She then continued, “I think what our district will look like next year is that teachers will move here because of the four-day week.”
Spring sports in full swing!
By Taryn and Darren
The spring sports season has started! That means everything is super crazy. In high school, students are able to pick softball, golf or track to play along with practices for the upcoming season of football, volleyball and cross-country. Everything is SO busy.
Softball is having a game this Friday, March 31, and we all wish the Lady Horns luck! There was also a golf tournament Monday, March 27. Basically, this week, just like last week, has been insane. And that’s what it will be like until the end of the year: lots of kids will be absent while participating in some spring activity, from sports to regional UIL, one-act, or state VASE or science fair. There are so many people in all the sports/activities! My partner and I decided to interview his brother, Derick Campos, and Memo, both sophomores at Marfa ISD.
First, we asked Derick, “How do you feel about this track season?”
He replied, “It’s mid, it started off bad but not as bad as I thought it was.”
My reporting partner Darren Campos agrees with that statement.
The next question Darren asked was, “Do you think we’re going to state this year?”
Derrick replied, “I think some guys we’ll make it, and some girls.”
Next, we asked Memo how track season is going, and he said, “I was just telling Ms. Powers this — like, at first I thought it was gonna be so bad, but I’m actually enjoying it a lot now.”
After that I inquired about our state prospects and he replied, “Probably? But also maybe not. I don’t know about the boys, but the girls will.” I wish the track and field teams good luck, and I hope Memo and Derick can believe in themselves enough to go to state!
Also, there was a UIL competition in Fort Davis that happened this past Friday, March 24. It went very well, and it was honestly fun! UIL competition is a lot of waiting for your event, which is tiring, just sitting there for hours. But, for journalism students Piper, Messiah, Isaiah, and I, it was our first high school meet since becoming freshmen. We all put up a lot of good effort and two of us freshmen will be going to regionals in San Angelo! We also have a few alternates, so we’ll see if they make it as well.
In UIL, everyone has different opinions about it all, and the first person I interviewed was Piper, a fellow freshman at Marfa who participated in a lot of the competitions.
I asked her, “How did the UIL meet go?”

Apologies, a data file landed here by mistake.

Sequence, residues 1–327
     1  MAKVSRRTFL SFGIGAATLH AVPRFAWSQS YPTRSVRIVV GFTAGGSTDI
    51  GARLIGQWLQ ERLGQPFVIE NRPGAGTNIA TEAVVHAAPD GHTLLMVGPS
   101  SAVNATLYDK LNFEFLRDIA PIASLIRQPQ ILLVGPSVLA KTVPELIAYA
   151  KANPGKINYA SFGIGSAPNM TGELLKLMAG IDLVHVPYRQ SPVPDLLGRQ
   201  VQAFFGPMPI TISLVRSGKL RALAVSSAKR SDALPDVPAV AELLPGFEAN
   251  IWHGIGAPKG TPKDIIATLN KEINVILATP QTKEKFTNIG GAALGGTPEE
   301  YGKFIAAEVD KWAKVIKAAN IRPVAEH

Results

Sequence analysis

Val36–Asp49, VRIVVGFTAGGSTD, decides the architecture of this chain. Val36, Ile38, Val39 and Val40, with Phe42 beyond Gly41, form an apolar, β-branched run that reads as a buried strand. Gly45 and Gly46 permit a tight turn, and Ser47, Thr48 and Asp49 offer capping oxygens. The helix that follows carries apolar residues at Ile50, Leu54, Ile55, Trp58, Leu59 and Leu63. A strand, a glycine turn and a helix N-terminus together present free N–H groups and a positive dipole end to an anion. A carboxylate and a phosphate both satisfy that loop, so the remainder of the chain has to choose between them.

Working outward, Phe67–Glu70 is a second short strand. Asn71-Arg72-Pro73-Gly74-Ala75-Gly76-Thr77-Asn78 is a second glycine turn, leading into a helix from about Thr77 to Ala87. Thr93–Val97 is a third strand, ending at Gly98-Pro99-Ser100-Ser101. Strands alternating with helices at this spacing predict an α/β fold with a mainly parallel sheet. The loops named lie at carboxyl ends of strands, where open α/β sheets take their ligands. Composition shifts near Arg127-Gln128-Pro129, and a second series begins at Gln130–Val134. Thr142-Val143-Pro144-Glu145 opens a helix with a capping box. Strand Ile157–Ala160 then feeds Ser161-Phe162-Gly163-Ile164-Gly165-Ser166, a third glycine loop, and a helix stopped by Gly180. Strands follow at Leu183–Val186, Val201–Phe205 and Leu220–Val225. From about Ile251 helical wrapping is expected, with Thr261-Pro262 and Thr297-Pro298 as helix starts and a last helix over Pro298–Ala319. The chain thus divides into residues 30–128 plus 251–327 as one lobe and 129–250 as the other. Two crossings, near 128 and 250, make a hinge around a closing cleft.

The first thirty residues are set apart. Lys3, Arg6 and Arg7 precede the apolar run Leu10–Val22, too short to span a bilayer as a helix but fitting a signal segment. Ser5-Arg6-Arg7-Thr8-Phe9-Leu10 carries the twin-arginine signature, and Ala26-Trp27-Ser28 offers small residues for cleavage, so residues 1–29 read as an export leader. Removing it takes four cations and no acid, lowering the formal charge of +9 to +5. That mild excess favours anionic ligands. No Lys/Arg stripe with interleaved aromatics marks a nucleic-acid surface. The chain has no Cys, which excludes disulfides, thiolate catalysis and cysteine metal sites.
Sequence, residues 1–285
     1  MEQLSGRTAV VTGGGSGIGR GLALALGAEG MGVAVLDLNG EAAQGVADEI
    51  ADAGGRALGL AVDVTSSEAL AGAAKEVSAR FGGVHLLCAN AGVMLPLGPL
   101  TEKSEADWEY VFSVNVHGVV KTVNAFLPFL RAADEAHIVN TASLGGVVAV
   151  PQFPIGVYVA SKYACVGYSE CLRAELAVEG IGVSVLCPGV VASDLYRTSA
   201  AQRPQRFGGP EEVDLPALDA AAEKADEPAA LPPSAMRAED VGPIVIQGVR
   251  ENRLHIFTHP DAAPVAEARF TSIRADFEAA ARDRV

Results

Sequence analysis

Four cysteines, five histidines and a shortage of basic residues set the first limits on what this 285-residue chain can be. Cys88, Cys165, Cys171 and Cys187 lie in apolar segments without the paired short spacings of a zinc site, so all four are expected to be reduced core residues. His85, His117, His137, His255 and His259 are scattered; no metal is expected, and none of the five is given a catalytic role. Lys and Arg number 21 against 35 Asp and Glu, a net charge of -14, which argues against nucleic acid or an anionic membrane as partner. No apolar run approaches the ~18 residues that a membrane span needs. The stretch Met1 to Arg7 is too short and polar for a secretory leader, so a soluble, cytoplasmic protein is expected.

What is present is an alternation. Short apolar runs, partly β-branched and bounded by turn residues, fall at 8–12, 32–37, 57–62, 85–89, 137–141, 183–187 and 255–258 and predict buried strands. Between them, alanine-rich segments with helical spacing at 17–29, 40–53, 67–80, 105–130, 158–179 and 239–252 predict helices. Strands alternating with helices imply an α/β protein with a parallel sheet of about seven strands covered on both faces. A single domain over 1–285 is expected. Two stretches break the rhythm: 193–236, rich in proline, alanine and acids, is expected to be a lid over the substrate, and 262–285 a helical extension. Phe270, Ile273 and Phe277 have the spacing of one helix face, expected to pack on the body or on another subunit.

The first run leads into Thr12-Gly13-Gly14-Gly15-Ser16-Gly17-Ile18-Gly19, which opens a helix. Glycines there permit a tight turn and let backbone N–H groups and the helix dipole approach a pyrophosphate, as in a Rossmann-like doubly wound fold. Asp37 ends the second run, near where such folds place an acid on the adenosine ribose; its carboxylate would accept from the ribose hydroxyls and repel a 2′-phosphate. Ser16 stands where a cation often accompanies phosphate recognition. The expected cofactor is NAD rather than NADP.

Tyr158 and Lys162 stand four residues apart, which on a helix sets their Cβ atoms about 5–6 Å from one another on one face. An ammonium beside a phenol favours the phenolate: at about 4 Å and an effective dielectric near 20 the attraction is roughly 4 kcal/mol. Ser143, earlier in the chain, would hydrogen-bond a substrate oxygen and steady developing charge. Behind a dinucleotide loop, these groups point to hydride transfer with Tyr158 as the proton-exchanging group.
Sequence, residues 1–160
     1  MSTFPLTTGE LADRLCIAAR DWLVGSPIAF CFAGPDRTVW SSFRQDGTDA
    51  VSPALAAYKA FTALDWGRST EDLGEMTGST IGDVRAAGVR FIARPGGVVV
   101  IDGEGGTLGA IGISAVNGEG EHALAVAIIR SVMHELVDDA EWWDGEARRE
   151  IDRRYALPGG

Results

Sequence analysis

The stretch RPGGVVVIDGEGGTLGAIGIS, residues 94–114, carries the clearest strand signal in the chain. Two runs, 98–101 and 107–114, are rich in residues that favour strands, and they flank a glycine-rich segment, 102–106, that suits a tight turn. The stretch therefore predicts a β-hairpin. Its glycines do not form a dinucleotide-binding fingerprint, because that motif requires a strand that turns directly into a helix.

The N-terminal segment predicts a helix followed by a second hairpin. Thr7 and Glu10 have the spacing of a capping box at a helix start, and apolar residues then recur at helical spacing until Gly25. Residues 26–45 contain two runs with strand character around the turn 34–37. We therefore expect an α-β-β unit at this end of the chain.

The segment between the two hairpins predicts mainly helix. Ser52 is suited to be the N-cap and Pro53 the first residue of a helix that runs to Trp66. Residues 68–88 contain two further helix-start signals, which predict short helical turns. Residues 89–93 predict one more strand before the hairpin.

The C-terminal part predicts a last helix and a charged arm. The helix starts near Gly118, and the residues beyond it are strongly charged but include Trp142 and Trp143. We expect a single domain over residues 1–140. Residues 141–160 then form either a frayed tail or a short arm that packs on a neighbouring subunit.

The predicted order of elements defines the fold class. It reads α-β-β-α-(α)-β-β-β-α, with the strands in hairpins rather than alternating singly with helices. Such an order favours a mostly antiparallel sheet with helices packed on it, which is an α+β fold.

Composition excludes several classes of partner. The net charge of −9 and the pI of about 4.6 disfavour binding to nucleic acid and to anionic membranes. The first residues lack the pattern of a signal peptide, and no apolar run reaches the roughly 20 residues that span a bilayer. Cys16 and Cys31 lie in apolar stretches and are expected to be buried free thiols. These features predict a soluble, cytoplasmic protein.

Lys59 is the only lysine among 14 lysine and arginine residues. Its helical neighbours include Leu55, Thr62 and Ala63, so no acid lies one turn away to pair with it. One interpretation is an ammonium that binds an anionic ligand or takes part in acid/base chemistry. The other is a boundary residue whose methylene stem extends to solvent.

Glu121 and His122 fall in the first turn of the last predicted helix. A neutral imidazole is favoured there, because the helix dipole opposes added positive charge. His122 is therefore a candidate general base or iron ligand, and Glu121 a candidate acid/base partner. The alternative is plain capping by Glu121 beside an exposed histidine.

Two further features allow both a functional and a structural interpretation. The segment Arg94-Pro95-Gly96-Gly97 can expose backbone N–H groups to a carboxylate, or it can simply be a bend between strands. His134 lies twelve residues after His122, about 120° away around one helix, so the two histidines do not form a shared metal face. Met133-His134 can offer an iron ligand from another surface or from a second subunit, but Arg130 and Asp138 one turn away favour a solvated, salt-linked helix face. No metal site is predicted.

She said, “Insane, off, and just all-out crazy.” (For those who don’t remember, the Friday UIL meet was preceded on Wednesday by one-act play regionals, whose bus returned at midnight, then a Thursday track meet that also got in late, and so by Friday, many students were VERY tired.) Piper continued, “But, for the people that did go, we did amazing considering that we really didn’t practice that much for it.”
The next question I asked was, “How did you feel about the results of the meet?”
She said, “I thought I would’ve done way better than I did, and I hope I’ll do better next year.”
Then I spoke to Messiah, another freshman at Marfa ISD. When I asked her how she thought it went, she said, “It was fun but it was so tiring to just sit there all day.”
Messiah advanced to regionals in news writing for journalism (Ms. Powers is SO PROUD), and she said the accomplishment made her feel “good! But I’m still so sleepy,” she said, with a yawn.
In conclusion, the next nine weeks (all that’s left of this school year!) are going to get crazy with all the track meets, regionals, golf tournaments, softball games and prom coming on April 22. But I’m sure we’re all gonna get through it, and then it’s summer break!
Alamito college tour
The Alamito Foundation is a local land conservation organization and youth empowerment program. Earlier this month, this foundation funded and hosted 10 Marfa High juniors and seniors to travel on a college tour before spring break! Caroline Travis and Conner Travis hosted this trip where the students traveled across the state. These special students included: Aubrie Aguilar, Andru Bentley, Alex Luna (myself), Samantha Martinez, Joel Martinez, Maribel Meraz, Isaac Nunez, Yvette “Kily” Ortiz, Janelly Pereria, and Fernanda Rivera. The college trip lasted from March 8-11.